in nature which abhorred intrusion into any society “ whatever. He was therefore less known, and con“ sequently his character became more liable to mif“ apprehensions and misrepresentations : he was very “ modest, and very easily to be discountenanced in “ his approaches to his equals or superiors. As his “ reading had been very extensive, so was he very “ happy in a memory tenacious of every thing that “ he had read. He was not more pofleffed of know“ ledge than he was communicative of it; but then “ his communication was by no means pedantick, or « imposed upon the conversation, but just such, 6 and went so far, as, by the natural turn of the con“ versation in which he was engaged, it was necessa“ rily promoted or required. He was extremely " ready and gentle in his correction of the errors of any writer who thought fit to consult him, and
the religion which he disobeyed. He forgot his duty rather than disowned it. His tendency to profaneness is the effect of levity, negligence, and loose conversation, with a desire of accommodating himself to the corruption of the times, by venturing to be wicked as far as he durst. When he professed himself a convert to Popery, he did not pretend to have received any new conviction of the fundamental doctrines of Chriftianity.
The persecution of criticks was not the worst of his vexations; he was much more disturbed by the importunities of want. His complaints of poverty are fo frequently repeated, either with the dejection of weakness finking in helpless misery, or the indig. nation of merit claiming its tribute from mankind, that it is impossible not to detest the age which could impose on such a man the necessity of such solicitations, or not to despise the man who could submit to such solicitations without necessity.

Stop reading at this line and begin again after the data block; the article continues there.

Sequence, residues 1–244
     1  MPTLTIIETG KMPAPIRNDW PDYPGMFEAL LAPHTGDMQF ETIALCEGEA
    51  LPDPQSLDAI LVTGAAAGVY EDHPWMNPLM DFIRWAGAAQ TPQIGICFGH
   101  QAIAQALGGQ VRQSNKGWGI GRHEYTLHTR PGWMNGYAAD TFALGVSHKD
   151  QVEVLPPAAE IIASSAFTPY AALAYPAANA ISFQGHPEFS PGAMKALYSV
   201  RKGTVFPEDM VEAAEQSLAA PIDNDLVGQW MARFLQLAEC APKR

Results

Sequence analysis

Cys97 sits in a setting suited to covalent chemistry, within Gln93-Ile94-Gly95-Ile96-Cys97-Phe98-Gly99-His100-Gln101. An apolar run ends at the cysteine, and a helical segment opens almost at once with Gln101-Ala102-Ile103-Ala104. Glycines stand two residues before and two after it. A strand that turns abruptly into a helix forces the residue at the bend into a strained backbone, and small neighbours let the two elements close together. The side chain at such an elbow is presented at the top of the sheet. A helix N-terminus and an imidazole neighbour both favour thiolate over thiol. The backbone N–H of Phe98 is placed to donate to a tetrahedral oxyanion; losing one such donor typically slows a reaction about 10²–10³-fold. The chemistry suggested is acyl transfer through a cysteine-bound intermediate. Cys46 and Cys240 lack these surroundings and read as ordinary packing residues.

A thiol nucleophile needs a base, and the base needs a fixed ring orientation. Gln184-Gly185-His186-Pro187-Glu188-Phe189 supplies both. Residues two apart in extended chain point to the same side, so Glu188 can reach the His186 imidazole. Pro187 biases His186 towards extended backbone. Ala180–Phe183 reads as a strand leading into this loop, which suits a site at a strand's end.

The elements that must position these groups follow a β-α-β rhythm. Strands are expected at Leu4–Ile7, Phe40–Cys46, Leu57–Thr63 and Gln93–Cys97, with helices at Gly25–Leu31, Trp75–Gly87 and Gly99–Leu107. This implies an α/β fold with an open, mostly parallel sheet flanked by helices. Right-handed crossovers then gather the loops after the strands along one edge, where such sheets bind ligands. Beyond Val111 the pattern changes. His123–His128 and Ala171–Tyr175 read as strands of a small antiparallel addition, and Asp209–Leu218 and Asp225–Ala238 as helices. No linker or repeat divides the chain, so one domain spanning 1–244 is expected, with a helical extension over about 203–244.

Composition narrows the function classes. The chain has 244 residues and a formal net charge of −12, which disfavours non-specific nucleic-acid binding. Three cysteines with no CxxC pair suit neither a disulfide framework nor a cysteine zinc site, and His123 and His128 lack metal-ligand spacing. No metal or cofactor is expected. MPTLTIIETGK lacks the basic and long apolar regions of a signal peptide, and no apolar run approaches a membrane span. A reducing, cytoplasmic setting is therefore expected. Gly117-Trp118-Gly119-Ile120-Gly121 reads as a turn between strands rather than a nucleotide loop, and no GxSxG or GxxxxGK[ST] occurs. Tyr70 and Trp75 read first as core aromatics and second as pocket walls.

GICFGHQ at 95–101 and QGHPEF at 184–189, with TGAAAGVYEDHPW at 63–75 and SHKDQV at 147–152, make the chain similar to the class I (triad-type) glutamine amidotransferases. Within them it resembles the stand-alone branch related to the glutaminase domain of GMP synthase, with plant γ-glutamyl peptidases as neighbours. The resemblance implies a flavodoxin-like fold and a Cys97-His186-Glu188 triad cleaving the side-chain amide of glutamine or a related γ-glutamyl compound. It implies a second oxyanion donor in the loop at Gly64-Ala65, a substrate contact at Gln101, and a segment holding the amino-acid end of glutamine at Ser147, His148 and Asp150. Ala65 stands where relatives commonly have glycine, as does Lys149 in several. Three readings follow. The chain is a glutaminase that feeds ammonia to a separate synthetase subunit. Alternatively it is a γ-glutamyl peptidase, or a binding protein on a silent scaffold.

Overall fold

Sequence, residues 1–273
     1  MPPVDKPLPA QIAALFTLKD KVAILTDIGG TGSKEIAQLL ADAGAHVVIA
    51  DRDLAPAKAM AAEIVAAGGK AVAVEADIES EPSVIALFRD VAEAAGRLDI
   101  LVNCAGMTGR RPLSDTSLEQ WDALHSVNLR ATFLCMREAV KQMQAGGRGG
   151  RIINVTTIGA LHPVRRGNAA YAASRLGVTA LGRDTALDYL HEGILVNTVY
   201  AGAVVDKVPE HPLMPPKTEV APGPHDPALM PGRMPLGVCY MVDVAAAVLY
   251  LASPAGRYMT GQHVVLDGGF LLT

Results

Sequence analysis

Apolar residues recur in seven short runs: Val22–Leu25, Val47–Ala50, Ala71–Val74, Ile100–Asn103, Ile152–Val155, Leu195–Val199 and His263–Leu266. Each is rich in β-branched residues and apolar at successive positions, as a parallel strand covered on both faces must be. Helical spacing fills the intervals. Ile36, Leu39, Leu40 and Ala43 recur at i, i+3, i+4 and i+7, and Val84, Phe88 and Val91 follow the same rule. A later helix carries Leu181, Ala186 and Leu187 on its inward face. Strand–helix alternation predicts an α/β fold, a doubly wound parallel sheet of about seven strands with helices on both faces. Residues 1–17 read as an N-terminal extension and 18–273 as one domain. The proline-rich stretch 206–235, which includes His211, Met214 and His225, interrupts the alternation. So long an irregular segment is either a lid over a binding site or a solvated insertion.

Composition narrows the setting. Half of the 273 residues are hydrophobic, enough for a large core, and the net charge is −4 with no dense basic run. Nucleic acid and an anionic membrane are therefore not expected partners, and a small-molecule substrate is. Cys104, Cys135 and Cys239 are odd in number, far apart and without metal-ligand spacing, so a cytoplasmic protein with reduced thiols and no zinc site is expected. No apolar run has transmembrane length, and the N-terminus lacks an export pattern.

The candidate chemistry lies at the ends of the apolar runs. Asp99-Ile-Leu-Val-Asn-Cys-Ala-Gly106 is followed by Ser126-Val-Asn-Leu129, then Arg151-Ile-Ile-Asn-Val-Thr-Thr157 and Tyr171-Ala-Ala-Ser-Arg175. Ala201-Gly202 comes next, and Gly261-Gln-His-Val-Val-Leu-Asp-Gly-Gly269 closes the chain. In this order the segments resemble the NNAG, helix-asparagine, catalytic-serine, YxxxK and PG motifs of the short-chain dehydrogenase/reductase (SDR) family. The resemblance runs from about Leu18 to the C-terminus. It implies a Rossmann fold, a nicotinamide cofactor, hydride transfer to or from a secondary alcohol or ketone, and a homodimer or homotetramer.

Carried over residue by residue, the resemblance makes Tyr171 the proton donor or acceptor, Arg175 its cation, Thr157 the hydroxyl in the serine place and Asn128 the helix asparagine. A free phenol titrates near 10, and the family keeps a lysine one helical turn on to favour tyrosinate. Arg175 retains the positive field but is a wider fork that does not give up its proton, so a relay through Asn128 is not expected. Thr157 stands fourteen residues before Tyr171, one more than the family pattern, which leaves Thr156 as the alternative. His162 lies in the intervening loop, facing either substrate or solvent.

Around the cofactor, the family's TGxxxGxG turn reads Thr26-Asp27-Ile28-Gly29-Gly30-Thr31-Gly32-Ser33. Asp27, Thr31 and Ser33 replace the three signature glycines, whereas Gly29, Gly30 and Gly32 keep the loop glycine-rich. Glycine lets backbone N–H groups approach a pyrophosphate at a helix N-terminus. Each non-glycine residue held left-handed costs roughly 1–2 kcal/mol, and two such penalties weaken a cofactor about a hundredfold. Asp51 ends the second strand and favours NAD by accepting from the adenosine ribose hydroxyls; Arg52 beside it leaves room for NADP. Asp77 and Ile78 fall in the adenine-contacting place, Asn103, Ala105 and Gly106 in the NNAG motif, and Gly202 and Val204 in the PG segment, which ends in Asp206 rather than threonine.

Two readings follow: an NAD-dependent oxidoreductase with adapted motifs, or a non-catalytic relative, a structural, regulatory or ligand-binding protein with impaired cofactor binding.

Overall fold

Whether by the world's neglect, or his own imprudence, I am afraid that the greatest part of his life was passed in exigences. Such outcries were fürely never uttered but in severe pain. Of his supplies or his expences no probable estimate can now be made. Except the salary of the Laureat, to which King James added the office of Historiographer, perhaps with some additional emoluments, his whole revenue seems to have been casual; and it is well known that he seldom lives frugally who lives by chance. Hope is always liberal ; and they that trust her promises make little scruple of revelling to-day on the profits of the morrow.
Of his plays the profit was not great ; and of the produce of his other works very little intelligence can be had. By discoursing with the late amiable Mr. Tonson, I could not find that any memorials of the transactions between his predecessor and Dryden had been preserved, except the following papers :
“ I do hereby promise to pay John Dryden, Esq. " or order, on the 25th of March, 1699, the sum of “ two hundred and fifty guineas, in confideration of " ten thousand verses, which the said John Dryden, “ Esq. is to deliver to me Jacob Tonson, when “ finished, whereof seven thousand five hundred “ verses, more or less, are already in the said Jacob “ Tonson's poffefsion. And I do hereby farther “ promise, and engage myself, to make up the faid • sum of two hundred and fifty guineas three hun“ dred pounds sterling to the said John Dryden, “ Esq. his executors, administrators, or assigns, at " the beginning of the second impression of the said “ ten thousand verses.
“In witness whereof I have hereunto set my hand " and seal, this 20th day of March, 1698.
“ Jacob Tonson. “ Sealed and delivered, being
“ first duly stampt, pursu-
“ Ben. Portlock,
6 March 24, 1698. «Received then of Mr. Jacob Tonson the sum " of two hundred fixty-eight pounds fifteen Chil